But you don’t need a Ph.D. in economics to understand what happens in any market when you artificially cap supply. Prices tend to increase and that’s exactly what happened.
Nursing homes said: “We can’t build more beds? Fine, we’ll charge you more for the ones we already have. Thanks, by the way, for protecting us from new entrants into our business.”
So, government finally got the message and curtailed the cause of the problem, free Medicaid-financed nursing home care, right? Wrong. The Medicaid monarchs capped nursing home reimbursement instead.
This was the origin of the differential between low Medicaid reimbursements (often less than the cost of providing the care) and market-based rates half again higher but dwindling in total as private-payers followed public policy incentives and migrated to Medicaid.
Now, put your economists’ hats back on. With supply and price capped, what do you think happened to demand? Correct, it went through the roof! Nursing home occupancy in the mid-1980s jumped to 95 percent at a time when hospitals were little more than half full.
If a nursing home was willing to accept Medicaid's low reimbursement rates, it could fill all of its beds . . . no matter what kind of care it provided. Consequently, quality of care collapsed in principally Medicaid-financed nursing homes. Or so the public powers-that-be concluded.
True to form, government attacked the symptom (poor quality) instead of the cause (public financing). As if wishing could make it so, Congress simply mandated higher quality, more nurses’ aides, better training and so on in the Omnibus Budget Reconciliation Act of 1987.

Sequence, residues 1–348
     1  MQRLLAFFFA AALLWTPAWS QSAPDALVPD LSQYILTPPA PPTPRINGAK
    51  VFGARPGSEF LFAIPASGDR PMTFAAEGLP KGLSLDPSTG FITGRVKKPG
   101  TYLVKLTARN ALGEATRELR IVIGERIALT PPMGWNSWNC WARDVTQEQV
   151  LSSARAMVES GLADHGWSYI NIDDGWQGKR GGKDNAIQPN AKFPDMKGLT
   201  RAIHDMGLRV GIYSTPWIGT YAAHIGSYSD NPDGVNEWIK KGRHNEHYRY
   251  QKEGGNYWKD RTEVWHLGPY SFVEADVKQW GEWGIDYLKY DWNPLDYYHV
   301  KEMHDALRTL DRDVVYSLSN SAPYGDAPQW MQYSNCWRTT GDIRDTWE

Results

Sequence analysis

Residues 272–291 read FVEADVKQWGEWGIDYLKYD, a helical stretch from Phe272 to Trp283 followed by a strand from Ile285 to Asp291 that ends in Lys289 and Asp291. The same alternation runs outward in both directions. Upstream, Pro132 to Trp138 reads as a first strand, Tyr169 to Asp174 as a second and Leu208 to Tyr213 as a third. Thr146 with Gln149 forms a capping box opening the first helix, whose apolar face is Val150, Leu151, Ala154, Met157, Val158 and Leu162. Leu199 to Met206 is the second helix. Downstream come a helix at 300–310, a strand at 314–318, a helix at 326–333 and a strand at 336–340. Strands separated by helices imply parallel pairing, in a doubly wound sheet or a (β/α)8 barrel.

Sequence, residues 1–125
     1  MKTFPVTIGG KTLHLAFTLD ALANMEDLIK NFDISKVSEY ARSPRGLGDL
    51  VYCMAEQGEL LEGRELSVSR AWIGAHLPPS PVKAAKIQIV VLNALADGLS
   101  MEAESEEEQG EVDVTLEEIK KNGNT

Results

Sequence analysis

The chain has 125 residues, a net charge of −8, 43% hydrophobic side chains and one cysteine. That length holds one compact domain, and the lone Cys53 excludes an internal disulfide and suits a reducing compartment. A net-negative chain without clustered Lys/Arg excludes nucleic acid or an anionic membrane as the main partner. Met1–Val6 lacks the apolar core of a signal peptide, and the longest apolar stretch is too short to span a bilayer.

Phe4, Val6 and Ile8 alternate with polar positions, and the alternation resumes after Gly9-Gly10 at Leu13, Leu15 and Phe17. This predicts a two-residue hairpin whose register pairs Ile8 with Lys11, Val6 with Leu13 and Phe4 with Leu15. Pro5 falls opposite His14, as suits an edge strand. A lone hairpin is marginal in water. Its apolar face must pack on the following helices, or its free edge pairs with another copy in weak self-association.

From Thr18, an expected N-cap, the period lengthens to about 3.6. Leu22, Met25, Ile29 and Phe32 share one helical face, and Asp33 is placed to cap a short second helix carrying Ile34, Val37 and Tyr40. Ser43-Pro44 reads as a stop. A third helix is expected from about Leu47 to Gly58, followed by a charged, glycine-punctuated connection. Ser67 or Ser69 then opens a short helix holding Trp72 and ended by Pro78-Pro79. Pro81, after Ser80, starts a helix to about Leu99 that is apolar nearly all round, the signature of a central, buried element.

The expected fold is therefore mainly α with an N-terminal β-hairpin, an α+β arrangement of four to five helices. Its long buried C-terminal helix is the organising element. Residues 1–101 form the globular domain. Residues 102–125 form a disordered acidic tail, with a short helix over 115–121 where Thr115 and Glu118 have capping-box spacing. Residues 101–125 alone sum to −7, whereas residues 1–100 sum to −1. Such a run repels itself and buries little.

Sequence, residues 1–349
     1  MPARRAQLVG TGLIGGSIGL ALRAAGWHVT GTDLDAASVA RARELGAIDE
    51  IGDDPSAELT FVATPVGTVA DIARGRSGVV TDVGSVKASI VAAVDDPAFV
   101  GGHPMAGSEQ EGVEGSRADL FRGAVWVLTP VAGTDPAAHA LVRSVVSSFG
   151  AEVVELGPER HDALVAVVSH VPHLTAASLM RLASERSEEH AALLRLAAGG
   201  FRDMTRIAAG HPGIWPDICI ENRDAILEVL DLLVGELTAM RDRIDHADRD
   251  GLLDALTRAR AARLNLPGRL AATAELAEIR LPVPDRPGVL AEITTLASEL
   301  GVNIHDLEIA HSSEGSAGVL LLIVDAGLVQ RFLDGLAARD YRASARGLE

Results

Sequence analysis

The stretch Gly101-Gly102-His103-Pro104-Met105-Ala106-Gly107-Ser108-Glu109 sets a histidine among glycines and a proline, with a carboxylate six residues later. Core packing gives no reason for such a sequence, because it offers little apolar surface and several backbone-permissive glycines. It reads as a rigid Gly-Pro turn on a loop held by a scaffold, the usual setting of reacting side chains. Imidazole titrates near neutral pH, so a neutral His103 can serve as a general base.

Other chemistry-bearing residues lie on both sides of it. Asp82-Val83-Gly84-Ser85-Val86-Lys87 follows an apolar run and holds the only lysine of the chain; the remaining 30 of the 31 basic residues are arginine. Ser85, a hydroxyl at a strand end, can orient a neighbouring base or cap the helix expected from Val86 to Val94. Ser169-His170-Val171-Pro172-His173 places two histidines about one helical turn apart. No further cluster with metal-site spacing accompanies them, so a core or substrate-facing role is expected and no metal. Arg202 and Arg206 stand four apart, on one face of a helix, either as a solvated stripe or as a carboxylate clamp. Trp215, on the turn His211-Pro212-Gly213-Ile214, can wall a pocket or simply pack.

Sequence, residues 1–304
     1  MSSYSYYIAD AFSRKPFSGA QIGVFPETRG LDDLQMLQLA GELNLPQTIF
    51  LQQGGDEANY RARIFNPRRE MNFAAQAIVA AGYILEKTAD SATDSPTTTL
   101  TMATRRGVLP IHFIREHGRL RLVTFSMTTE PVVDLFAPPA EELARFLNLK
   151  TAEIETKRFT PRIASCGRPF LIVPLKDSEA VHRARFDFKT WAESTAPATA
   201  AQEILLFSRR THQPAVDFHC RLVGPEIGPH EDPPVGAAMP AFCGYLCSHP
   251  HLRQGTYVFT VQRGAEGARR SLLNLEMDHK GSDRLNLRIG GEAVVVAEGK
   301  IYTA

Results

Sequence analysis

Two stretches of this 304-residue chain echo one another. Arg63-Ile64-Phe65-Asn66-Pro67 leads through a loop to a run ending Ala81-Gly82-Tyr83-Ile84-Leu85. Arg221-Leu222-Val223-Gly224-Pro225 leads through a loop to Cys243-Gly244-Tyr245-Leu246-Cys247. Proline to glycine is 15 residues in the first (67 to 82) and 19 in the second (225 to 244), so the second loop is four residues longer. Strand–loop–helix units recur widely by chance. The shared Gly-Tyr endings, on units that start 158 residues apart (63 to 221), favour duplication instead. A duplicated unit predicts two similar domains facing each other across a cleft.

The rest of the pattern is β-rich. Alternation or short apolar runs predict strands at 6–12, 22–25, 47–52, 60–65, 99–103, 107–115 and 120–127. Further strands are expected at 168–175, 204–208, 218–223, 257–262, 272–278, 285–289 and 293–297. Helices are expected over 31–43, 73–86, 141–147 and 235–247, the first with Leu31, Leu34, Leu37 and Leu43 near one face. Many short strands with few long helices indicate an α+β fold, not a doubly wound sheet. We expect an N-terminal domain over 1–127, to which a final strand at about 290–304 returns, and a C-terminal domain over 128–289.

Thankfully, this time federal command and control worked. Expenditure growth abated and quality improved—NOT.
Now caught between the rock of inadequate reimbursement and the hard place of mandatory quality, the nursing home profession had no place to turn but to the courts.
Suing under the 1981 “Boren Amendment” which required state Medicaid programs to reimburse nursing homes adequately so they could provide good care--lo and behold--state nursing home associations won most of those lawsuits.
Who says you can’t fight city hall?
But then, what do you think the government did next? You guessed it. Congress repealed the Boren Amendment in the Balanced Budget Act of 1997. Since then, there has been no legal floor under Medicaid reimbursement for nursing home care, yet costs continued to grow insupportably.
Now, while all this was going on another situation developed. Private payers in nursing homes, paying half again as much as Medicaid for the same semi-private room, began to wise up.